You've probably heard about the new Google Web Accelerator, but if you're like me, you haven't bothered to try it out or give it much thought. After all, it can't possibly be worth running Windows. If you develop PHP applications, however, you might want to pay attention.
There is a particular section of the HTTP specification that is frequently violated. Section 9.1.1 of RFC 2616 states the following:
In particular, the convention has been established that the GET and HEAD methods SHOULD NOT have the significance of taking an action other than retrieval. These methods ought to be considered "safe". This allows user agents to represent other methods, such as POST, PUT and DELETE, in a special way, so that the user is made aware of the fact that a possibly unsafe action is being requested.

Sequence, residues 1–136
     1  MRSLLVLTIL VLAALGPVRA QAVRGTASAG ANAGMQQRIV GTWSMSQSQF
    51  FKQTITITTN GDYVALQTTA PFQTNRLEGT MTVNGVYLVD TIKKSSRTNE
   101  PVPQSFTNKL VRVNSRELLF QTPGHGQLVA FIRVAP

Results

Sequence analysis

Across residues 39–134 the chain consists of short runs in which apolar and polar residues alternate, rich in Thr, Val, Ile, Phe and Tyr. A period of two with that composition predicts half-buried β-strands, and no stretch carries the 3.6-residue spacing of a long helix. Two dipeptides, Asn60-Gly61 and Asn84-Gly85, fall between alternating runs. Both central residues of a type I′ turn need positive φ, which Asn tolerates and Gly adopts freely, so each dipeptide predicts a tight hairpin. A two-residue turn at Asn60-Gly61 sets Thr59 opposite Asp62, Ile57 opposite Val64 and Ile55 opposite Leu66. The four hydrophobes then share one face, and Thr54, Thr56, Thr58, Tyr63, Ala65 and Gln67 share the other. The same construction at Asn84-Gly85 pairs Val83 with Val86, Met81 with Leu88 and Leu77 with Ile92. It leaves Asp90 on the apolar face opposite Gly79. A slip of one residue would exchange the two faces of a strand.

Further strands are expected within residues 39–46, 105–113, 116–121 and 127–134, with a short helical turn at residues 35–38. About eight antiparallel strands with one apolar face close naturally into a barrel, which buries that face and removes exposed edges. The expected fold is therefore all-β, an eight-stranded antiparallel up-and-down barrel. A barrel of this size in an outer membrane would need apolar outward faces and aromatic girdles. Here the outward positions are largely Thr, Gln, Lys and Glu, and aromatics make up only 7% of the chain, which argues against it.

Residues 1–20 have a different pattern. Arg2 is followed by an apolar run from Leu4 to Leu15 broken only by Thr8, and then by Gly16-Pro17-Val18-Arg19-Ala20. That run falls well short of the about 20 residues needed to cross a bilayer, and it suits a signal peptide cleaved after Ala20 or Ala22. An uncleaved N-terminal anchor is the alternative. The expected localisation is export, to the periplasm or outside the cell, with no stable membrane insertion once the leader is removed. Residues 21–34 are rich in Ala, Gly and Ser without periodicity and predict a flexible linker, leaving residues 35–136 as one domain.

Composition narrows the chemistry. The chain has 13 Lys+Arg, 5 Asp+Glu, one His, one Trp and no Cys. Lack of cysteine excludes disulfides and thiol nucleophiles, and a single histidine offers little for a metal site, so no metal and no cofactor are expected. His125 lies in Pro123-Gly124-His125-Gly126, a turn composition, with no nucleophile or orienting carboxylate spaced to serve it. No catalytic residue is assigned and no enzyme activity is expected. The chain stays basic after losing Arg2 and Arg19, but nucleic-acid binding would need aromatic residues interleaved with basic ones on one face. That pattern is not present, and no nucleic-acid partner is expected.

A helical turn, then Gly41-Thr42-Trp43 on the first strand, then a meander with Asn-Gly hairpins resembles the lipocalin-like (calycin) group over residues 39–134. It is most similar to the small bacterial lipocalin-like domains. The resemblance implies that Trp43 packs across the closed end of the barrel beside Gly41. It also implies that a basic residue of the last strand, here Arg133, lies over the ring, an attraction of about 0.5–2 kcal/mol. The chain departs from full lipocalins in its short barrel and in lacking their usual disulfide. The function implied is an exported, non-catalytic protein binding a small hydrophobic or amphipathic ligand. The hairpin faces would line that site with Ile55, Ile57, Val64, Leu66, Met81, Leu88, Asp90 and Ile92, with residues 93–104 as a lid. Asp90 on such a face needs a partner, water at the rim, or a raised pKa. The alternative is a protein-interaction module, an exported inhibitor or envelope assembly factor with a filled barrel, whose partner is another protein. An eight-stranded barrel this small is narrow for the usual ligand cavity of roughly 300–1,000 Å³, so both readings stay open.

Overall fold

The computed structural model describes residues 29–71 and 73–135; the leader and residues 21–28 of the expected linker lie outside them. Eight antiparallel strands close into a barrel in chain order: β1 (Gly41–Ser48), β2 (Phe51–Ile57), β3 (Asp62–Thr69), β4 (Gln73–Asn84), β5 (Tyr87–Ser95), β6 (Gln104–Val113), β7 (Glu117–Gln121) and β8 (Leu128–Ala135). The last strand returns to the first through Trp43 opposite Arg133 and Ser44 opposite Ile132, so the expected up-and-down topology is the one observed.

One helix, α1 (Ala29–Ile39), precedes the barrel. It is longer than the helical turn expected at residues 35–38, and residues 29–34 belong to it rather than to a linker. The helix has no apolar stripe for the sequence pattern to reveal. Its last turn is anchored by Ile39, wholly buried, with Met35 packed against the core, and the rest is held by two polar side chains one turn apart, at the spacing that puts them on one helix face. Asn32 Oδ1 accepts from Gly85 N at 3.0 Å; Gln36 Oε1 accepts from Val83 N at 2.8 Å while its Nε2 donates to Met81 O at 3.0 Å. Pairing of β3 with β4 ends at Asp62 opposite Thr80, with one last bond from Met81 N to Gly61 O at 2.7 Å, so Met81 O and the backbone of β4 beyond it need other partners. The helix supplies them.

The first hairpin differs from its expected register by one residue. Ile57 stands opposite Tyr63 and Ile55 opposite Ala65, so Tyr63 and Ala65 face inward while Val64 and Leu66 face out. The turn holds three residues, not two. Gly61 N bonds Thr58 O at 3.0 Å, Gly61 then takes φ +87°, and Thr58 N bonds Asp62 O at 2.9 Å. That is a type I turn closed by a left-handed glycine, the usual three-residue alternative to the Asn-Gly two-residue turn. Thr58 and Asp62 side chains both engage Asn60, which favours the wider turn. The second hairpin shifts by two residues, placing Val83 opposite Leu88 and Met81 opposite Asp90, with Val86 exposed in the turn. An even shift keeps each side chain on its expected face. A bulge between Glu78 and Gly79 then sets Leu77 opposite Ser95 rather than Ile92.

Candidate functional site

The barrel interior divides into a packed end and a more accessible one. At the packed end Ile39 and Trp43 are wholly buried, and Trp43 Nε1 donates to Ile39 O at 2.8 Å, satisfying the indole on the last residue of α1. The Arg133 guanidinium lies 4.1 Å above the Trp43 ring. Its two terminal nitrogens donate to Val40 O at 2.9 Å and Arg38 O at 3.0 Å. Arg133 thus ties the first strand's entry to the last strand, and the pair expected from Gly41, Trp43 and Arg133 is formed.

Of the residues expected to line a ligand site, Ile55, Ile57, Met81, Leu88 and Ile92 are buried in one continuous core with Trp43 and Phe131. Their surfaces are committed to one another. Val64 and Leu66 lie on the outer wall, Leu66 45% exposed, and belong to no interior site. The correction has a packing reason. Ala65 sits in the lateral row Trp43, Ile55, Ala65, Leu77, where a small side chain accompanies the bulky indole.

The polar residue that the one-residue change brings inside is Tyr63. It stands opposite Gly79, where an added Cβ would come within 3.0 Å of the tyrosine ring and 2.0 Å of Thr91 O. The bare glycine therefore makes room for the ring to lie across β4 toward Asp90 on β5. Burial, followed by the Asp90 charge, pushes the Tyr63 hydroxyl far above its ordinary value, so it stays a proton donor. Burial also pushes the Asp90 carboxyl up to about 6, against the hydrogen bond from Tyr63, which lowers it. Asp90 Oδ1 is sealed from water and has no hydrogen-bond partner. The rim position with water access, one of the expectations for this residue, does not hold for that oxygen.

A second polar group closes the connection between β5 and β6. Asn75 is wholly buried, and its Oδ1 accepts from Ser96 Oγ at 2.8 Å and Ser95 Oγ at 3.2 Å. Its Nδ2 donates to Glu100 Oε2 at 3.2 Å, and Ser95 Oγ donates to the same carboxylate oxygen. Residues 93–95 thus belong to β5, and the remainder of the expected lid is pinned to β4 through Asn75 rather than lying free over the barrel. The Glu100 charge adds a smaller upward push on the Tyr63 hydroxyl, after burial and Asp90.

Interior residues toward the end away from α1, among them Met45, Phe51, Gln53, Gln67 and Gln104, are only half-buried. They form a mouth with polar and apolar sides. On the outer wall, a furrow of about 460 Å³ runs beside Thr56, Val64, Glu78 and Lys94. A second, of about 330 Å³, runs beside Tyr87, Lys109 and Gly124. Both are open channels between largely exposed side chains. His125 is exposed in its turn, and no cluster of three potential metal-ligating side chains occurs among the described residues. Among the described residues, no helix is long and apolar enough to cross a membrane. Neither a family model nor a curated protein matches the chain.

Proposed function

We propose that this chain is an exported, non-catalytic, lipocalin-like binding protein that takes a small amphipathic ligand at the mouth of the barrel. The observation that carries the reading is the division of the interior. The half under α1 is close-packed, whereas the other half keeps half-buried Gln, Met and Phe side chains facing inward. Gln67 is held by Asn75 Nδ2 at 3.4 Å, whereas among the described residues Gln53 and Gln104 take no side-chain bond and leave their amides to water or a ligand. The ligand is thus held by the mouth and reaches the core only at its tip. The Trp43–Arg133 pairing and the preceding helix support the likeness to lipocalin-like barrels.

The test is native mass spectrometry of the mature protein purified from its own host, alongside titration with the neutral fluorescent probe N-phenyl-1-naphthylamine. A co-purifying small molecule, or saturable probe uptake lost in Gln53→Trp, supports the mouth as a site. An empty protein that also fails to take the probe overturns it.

What does this mean? If you use $_REQUEST, rely on register_globals, or deliberately use $_GET to process a request that performs some action (other than retrieval), then you're violating the HTTP specification, because a GET request can potentially perform that action. If your page contains links that perform an action (when followed), then the Google Web Accelerator is going to cause you problems. You can already find complaints about this. Of course, the developers complaining are the ones to blame, not Google.
The moral of the story is to adhere to the HTTP specification. If you want to play the web game, you have to play by the rules.